November 27, 2013
November 21, 2013
After some technical difficulties plagued the early stages of this tour, Kanye finally rolled into Brooklyn for a four night New York city run. Yet even before Mr. West took the stage, New York's own A Tribe Called Quest dazzled the borough for the first of their last two shows ever! Bewitching the audience with their classic rhymes, the trio ignited the crowd with their on point dance moves, verses and killer style. An immediate flashback to the golden age of hip hop, A Tribe were far from the caliber one would expect from an opener and instead acted as if they were headlining the night. And in a small way they did just that. For many raised on hip hop, there is no greater group that A Tribe Called Quest. Their fusion of jazz and alternative hip hop forever left a mark on the community and without a doubt, laid the path for many of today's superstars. The highlight of their opening slot came with the back-to-back-to-back combination of "Scenario" (complete with a cameo from Busta Rhymes!!), "Can I Kick It?" and "Check The Rhyme" which many will argue is the greatest trifecta in their illustrious career. To catch them for one of the last times was truly a privilege.
Not to be outdone, Kanye put on what was perhaps the spectacle of the year. Backed by what can only be compared to the Super Mega Aggro Crag from Nickelodeon's Global Guts, Yeezus himself rose to the occasion to deliver one of the most spellbinding and hypnotizing displays of showmanship one could possibly imagine. Ego aside, there are not many other people on the planet that can deliver on this level. Kanye wants to be the celebrity and stops at nothing to achieve it. After welcoming an ensemble of extras to act as his followers, Ye spit through the majority of his recent Yeezus along with other smash singles "Clique", "Mercy" and "Cold" before annihilating the crowd through the power of his pageant. A mountain beast with glowing eyes, a snow storm, and a real-life Jesus were all no match for the power and magnitude that Kanye was able to display. A career spanning setlist only helped to remind the crowd that there is no other entertainer on the planet, let alone hip hop star, that is able to contain the excitement level and sheer genius capabilities of this man. The forever brilliant "Runaway" saw a much anticipated rant, in which he confirmed his love for Bey's "Single Ladies", his distaste for the fashion industry, and how Drake was the most deserved of this year's VMAs, and he pulled out all of the stops by busting through some of his most cherished hits. "Stronger", "Through the Wire", "Jesus Walks", and "Flashing Lights" saw the audience rise to new levels of admiration, and that was after a terrorizing rendition of "Blood on the Leaves", which he insisted no one even wanted to hear. Show, performance, extravaganza, what ever it is you want to call the Yeezus tour of 2013, one thing is for sure, you're not likely to see something on this level of entertainment and celebration any time soon. There are times when Kanye may be the most hated person on the planet, but his ability to put on a show has never been in question. If anything, this show challenges people to find someone even close to taking his crown.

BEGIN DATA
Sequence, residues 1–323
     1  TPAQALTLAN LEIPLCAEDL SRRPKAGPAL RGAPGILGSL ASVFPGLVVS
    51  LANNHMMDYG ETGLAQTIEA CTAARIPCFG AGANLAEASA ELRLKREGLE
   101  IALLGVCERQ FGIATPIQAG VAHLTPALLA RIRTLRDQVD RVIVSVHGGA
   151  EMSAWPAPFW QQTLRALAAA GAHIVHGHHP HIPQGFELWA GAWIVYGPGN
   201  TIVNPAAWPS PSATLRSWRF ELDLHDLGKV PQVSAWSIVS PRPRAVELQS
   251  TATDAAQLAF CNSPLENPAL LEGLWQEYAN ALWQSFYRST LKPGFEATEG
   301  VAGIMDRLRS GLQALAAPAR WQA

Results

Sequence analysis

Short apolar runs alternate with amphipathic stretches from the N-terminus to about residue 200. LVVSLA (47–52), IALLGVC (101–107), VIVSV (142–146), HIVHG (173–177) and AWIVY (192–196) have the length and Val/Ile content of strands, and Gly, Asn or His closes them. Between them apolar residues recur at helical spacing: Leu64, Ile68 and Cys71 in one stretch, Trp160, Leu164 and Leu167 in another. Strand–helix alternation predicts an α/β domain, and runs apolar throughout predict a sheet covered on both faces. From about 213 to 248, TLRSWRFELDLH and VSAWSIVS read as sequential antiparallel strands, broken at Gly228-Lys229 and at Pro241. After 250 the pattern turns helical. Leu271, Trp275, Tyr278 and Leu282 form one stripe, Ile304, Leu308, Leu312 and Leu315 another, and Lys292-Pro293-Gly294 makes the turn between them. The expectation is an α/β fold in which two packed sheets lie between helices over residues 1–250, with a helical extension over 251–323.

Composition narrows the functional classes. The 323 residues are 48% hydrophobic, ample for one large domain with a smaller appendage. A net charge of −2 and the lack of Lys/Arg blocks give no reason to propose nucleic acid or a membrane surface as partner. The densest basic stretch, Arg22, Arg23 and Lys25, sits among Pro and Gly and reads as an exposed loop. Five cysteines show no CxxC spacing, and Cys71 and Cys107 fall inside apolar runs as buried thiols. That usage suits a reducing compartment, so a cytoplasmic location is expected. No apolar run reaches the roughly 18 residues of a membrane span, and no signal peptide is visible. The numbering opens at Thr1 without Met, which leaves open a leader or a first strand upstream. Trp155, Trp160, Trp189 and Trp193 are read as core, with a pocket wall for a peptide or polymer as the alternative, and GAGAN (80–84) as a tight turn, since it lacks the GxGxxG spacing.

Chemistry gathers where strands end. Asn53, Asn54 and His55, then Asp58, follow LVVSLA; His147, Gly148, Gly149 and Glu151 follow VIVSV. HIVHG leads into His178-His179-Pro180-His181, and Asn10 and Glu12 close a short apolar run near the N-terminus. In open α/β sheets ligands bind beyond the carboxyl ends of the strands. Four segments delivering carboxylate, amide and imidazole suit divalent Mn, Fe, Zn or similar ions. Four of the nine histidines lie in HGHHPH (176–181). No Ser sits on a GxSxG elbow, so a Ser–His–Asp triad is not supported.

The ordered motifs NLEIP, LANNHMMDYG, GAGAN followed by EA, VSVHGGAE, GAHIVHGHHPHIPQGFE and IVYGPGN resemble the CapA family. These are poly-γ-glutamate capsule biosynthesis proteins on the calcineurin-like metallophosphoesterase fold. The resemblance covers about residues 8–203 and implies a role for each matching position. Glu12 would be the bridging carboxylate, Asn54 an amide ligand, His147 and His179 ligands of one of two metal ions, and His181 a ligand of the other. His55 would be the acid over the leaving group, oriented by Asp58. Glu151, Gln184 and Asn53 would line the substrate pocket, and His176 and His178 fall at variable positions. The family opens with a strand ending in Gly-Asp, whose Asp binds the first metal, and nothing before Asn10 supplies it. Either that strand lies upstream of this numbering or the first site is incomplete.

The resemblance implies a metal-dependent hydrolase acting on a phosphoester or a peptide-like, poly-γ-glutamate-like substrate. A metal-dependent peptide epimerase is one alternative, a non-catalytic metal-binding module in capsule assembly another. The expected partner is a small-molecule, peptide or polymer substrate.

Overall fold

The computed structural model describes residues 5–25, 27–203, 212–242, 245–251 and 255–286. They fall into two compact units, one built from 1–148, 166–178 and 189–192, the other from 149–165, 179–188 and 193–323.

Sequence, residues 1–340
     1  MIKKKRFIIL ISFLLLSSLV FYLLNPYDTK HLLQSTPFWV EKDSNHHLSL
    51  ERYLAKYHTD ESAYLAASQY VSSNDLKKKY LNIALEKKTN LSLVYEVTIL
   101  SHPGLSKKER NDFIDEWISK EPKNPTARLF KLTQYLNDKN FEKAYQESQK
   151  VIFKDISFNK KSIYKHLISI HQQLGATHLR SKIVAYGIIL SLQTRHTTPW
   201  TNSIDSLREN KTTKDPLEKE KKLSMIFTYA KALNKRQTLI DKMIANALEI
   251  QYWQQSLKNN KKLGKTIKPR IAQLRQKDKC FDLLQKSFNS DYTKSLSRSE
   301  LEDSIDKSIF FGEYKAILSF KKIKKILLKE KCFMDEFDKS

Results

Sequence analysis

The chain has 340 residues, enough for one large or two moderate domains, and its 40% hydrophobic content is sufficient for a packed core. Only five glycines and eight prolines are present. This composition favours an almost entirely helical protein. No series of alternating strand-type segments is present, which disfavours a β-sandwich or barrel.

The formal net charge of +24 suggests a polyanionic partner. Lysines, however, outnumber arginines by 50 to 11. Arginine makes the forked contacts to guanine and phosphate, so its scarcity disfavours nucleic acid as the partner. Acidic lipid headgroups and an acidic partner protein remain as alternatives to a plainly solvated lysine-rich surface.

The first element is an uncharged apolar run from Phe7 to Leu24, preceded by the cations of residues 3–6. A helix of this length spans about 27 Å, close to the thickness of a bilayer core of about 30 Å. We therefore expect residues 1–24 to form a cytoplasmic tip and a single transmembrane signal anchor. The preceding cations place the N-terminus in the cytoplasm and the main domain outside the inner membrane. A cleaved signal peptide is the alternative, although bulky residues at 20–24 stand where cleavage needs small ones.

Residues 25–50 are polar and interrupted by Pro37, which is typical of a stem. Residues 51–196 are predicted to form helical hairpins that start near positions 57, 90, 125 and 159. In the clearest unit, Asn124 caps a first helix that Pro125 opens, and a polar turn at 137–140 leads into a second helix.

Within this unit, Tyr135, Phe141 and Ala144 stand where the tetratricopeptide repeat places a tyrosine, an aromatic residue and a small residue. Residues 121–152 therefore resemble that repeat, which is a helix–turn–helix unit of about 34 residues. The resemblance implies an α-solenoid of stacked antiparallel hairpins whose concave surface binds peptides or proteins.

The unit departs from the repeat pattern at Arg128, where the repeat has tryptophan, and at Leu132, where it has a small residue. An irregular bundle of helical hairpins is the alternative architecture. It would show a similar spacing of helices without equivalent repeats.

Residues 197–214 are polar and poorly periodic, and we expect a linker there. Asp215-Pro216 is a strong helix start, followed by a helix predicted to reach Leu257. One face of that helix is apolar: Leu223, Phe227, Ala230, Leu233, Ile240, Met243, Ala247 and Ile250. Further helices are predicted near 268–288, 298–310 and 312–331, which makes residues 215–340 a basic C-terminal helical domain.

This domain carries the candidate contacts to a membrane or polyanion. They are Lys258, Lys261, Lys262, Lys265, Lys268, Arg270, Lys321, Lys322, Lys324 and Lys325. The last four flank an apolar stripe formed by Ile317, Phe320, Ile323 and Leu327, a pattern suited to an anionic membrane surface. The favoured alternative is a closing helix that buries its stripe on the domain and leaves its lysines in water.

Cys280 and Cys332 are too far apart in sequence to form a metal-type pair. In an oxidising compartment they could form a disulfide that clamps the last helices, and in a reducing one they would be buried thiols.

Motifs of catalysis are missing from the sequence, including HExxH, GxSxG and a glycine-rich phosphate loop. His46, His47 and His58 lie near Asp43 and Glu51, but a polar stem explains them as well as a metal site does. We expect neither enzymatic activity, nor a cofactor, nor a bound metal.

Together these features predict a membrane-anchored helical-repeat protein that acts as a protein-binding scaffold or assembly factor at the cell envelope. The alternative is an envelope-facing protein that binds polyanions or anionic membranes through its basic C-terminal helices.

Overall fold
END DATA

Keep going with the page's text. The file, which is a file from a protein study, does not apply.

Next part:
November 13, 2013